WASHINGTON, May 29 (Reuters) – Republicans on Monday laid out plans in the House of Representatives to advance a debt ceiling deal with Democratic President Joe Biden from Tuesday, with the aim of passing it through Congress before the U.S. government runs out of money too soon. Next week.
The House Rules Committee said it would take up the deal Tuesday afternoon, paving the way for a vote by the Republican-controlled chamber.
The package must also pass the Democratic-controlled Senate before Biden can sign it into law.
The U.S. Treasury Department says the U.S. could default on its obligations by June 5 if Congress doesn’t act.
The prospects are uncertain because lawmakers on the left and right have opposed the deal. Representative Raul Grijalva, a progressive Democrat, wrote on Twitter that its changes to environmental rules were “disturbing and deeply disappointing.”
The newsletter Punchbowl, citing Republican sources, said preliminary estimates from the nonpartisan Congressional Budget Office suggested the deal could save up to $2 trillion if its spending limits were kept in place for six years, though much of that would depend on which party controls Congress. At the time. It’s unclear when the CBO will release its official estimate.
The 99 page bill It would suspend the debt ceiling until Jan. 1, 2025, allowing lawmakers to shelve the politically sensitive issue until after the November 2024 presidential election.
It would limit discretionary spending over the next two fiscal years, roll back unused Covid-19 funds, speed up the approval process for some energy projects and tighten work requirements for food assistance programs for poor Americans.
It would shift some funding from the Internal Revenue Service, which collects the tax, though White House officials say it shouldn’t slow down enforcement anytime soon.
House Speaker Kevin McCarthy, who has negotiated with Biden, predicted it would win support from his fellow Republicans. House Democratic Leader Hakeem Jeffries said he expects support from across the aisle.
This would be met with overwhelming support in the rules committee, which is usually closely aligned with the House leadership. McCarthy was forced to include some skeptical conservatives as the price of the Speaker’s victory.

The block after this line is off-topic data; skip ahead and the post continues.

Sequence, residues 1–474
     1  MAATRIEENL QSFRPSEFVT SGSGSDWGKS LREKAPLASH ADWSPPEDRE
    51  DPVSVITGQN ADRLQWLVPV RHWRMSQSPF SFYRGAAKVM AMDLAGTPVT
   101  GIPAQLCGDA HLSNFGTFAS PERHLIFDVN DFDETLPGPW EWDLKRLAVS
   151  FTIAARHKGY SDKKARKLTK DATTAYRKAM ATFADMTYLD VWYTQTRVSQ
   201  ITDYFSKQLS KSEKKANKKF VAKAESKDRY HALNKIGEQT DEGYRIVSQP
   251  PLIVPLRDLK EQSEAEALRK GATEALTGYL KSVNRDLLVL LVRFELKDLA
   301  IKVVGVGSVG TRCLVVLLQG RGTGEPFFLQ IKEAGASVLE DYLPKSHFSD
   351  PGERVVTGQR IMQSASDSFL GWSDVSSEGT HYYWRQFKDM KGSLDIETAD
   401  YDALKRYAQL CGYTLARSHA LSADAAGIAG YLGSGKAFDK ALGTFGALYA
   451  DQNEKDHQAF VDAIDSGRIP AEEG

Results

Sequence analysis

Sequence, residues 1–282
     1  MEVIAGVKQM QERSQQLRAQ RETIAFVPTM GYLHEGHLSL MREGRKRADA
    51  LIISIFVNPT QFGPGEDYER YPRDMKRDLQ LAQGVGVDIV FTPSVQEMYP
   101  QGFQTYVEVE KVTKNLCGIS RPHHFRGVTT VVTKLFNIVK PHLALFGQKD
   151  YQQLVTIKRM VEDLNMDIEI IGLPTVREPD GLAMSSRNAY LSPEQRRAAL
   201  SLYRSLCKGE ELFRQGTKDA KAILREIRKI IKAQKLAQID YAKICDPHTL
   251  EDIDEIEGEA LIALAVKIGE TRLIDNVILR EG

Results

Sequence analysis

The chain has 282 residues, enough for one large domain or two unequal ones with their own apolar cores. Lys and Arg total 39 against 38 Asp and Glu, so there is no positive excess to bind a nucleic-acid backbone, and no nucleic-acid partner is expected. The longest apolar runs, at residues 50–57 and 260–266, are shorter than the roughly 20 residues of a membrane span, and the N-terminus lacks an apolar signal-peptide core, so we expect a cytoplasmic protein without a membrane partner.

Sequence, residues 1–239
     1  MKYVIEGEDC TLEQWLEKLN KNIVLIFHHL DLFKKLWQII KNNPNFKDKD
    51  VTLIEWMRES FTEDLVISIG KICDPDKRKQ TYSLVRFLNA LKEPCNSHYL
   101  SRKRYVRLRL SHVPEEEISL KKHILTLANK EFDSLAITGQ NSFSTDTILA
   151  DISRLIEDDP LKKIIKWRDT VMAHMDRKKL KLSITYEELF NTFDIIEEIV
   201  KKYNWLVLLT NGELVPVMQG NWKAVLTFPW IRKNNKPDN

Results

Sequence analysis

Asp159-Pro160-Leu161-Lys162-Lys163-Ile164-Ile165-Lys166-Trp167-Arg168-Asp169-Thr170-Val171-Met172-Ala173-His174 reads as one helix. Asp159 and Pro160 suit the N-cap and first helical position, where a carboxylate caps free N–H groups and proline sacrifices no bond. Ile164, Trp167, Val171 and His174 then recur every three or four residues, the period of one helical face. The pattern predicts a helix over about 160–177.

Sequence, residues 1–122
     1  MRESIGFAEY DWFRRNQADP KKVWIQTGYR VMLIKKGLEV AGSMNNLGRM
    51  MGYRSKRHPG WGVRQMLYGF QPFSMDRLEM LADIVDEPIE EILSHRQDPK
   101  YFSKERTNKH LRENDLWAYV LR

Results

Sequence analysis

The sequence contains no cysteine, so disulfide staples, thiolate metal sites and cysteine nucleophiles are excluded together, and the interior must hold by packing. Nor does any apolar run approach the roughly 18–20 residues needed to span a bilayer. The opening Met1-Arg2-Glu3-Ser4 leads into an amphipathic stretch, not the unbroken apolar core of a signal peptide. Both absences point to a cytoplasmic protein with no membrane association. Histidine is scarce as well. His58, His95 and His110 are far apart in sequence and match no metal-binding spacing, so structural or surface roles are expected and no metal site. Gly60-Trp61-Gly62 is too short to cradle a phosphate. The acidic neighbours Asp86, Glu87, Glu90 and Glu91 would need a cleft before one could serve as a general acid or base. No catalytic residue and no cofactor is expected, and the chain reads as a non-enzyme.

McCarthy told reporters on Monday that he wasn’t worried about the package’s prospects at the board.
The initial reaction was positive from financial markets, which would be thrown into chaos if the US, which forms the bedrock of the global financial system, is unable to pay on its bonds.
But some investors are wary that the spending cuts championed by McCarthy could weigh on U.S. growth. Investors are bracing for potential volatility in the US bond market.
Republicans have argued that steep spending cuts are necessary to control the growth of the national debt, which equates to $31.4 trillion in annual economic output.
Interest payments on that debt are expected to eat up a growing share of the budget in coming decades, as an aging population raises health and pension costs, according to government forecasts.
The agreement does nothing to limit fast-growing projects. Most of its savings will come from limiting spending on domestic programs such as housing, border control, scientific research and other types of “prudent” spending. Military spending will be allowed to increase over the next two years.
Andy Sullivan reports; Additional reporting by Gram Slattery; Editing by Andrea Ricci
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Kanishka Singh is a Reuters correspondent based in Washington, DC, primarily covering US politics and national affairs in her current role. His past breaking news coverage spans topics as diverse as the Black Lives Matter movement; US elections; 2021 Capitol riots and their follow-up investigations; Brexit deal; US-China trade tensions; NATO withdrawal from Afghanistan; the covid-19 pandemic; And a 2019 Supreme Court ruling on a religious dispute site in his native India.
Andy covers politics and policy in Washington. His work has been cited in Supreme Court briefs, political attack ads and at least one Saturday Night Live skit.
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